Siddharth Thakur, then a high school student, didn't know what a startup was when he started developing an idea for what would become Paradigm Robotics, a company he founded to help firefighters do their jobs. He lacked knowledge about venture capital and pitch decks, and had no idea about scale.
Now a 19-year-old junior at the University of Texas at Austin, Thakur reflects on the company's growth. “At first it was just a passion project,” he says. “I was just building an engineering project to solve a problem for this local fire department.”
As a freshman in high school, he happened upon a local news story about a firefighter killed in a building fire. Digging deeper, we found that approximately 350,000 structure fires occur in the United States each year, resulting in nearly 3,000 deaths and nearly $9 billion in property loss. After consultations with local fire chiefs, and about 100 similar consultations with departments across the country, he believes that fire departments deploy to structure fires to assess damage, search for survivors, and assist firefighters. We saw an opportunity to build a remotely operated robot that could minimize the risk to
In many ways, Thakur's company epitomizes the entrepreneurial spirit of Gen Z, with its socially conscious and human-centered mission. If millennial founders are defined by founders like Mark Zuckerberg, Evan Spiegel, and Kevin Systrom, who ushered in the social media age, Gen Z Defined by the metaphor of doing well: building a company that solves problems. Solving today's social ills through innovation.
Generation Z, ages 11 to 26, are characterized as more politically aware and social justice-minded than previous generations. Her Generation Z, the first generation born without knowing a pre-Internet era, came of age amid unprecedented levels of globalization, information flow, and human diversity.
According to research from Stanford University's Center for Advanced Study in the Behavioral Sciences, the typical Gen Zer is highly self-motivated, “cares deeply about others, strives for a diverse community, and is highly collaborative and outgoing. Flexible, relatable, authentic and non-hierarchical in leadership, disheartened by genetic problems like climate change, but about the work that must be done to address them. have a pragmatic attitude,” wrote senior researcher Roberta Katz.
According to some metrics, Gen Z is also highly entrepreneurial. According to a study by Morning Consult and Samsung, approximately 50% of Gen Z are interested in starting their own business.
“Gen Z founders often succeed because of their speed. They grew up in the mobile internet era and are used to innovation at breakneck speed,” says lead investor at venture capital fund Northzone. Molly Alter says. luck on mail. “This focus on speed of execution allows us to iterate quickly and build dynamic products that leverage the latest technology capabilities.”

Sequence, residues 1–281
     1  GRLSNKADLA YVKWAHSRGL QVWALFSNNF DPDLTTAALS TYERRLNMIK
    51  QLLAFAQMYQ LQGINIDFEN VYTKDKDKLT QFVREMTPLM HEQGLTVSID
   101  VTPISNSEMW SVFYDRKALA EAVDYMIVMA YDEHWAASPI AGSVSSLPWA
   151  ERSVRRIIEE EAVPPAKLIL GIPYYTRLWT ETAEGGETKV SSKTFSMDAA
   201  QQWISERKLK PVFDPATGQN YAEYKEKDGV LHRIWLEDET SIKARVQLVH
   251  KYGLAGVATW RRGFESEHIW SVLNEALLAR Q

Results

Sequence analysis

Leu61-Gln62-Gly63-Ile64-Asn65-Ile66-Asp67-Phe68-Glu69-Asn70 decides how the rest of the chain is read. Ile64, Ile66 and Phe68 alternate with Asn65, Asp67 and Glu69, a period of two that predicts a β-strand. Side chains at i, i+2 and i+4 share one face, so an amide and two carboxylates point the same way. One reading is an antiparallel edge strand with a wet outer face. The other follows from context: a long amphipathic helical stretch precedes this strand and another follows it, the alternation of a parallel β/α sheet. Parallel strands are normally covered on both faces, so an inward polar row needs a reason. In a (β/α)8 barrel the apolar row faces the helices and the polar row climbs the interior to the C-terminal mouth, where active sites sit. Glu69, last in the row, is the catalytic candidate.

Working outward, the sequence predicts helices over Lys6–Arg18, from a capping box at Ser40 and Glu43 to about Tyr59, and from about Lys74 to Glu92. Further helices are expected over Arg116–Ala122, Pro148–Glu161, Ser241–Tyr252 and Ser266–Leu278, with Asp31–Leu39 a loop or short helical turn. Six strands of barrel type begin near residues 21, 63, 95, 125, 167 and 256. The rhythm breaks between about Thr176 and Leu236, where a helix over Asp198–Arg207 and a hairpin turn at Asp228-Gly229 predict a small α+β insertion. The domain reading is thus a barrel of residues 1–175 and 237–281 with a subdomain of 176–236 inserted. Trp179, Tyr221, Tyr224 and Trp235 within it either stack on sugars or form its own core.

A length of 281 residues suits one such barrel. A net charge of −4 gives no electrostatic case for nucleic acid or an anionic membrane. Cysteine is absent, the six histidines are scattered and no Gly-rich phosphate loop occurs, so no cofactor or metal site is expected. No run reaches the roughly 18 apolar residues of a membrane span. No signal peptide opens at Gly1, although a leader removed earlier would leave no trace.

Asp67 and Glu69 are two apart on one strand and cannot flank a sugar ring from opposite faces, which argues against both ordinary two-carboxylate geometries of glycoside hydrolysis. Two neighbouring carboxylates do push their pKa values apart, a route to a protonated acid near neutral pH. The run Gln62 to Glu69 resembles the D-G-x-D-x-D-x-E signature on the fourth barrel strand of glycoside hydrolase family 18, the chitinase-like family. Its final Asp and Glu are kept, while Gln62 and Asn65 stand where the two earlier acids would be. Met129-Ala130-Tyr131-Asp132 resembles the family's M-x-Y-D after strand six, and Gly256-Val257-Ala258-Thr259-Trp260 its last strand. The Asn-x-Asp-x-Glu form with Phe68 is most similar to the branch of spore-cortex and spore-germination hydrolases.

Generating problem solvers
Jonathan Gleechan works with about 350 Gen Z-run startups at the Founder Institute, a 14-year-old incubator that helps pre-seed entrepreneurs gain traction and funding. Gleechan said Gen Z founders make up just 5% of the companies in the institute's portfolio, but he's bullish about what they can accomplish.
“They emerged with a much greater advantage than previous generations in being able to connect with customers and tell great stories about the brand,” he says.
Unlike previous generations, the Gen Z founders in our portfolio inherently understand the importance of having a company with a purpose.
“I don't know if that makes them socially responsible, but they just care about sustainability and equity,” he says. “[They’re] They are challenging what is accepted in the world and what they think is incorrect. ”
For example, SoundMind, an audio wellness platform founded by Gen Z, provides users with music therapy to deal with stress, anxiety, and trauma. Brian Feminella, 23, founded the company with Travis Chen, 24, after serving in the military and seeing the impact his military service had on the mental health of his fellow soldiers. . Earlier this year, SoundMind raised more than $2 million in seed money and has hired about 100,000 users in about 50 organizations, including schools and nonprofits.
Next, UK-based Tash Grossman, 26, co-founded Slip, a digital receipt software company aimed at minimizing waste. The idea came to me in 2020 when I couldn't return pants to a major retailer because I didn't have a paper receipt.
“Why are we still using paper receipts in 2020?” she recalled.
Through her research, she learned that approximately 11.2 billion receipts are issued each year in the UK and that the paper they are printed on cannot be recycled. Gosman left her management consulting job in 2020 and launched Slip earlier this year. Grossman said the platform hosts about 30,000 receipts each month and is integrated into her retailer's POS system.
So far, Slip, which has seven retail customers, has raised $1 million in pre-seed funding and plans to close its seed round soon, Grossman said.
Gen Z also expresses greater concern about climate change than their peers and have pursued careers dedicated to environmental conservation. According to Deloitte, 64% of Gen Z believe they will pay more for sustainable products and increasingly expect companies to invest in sustainability.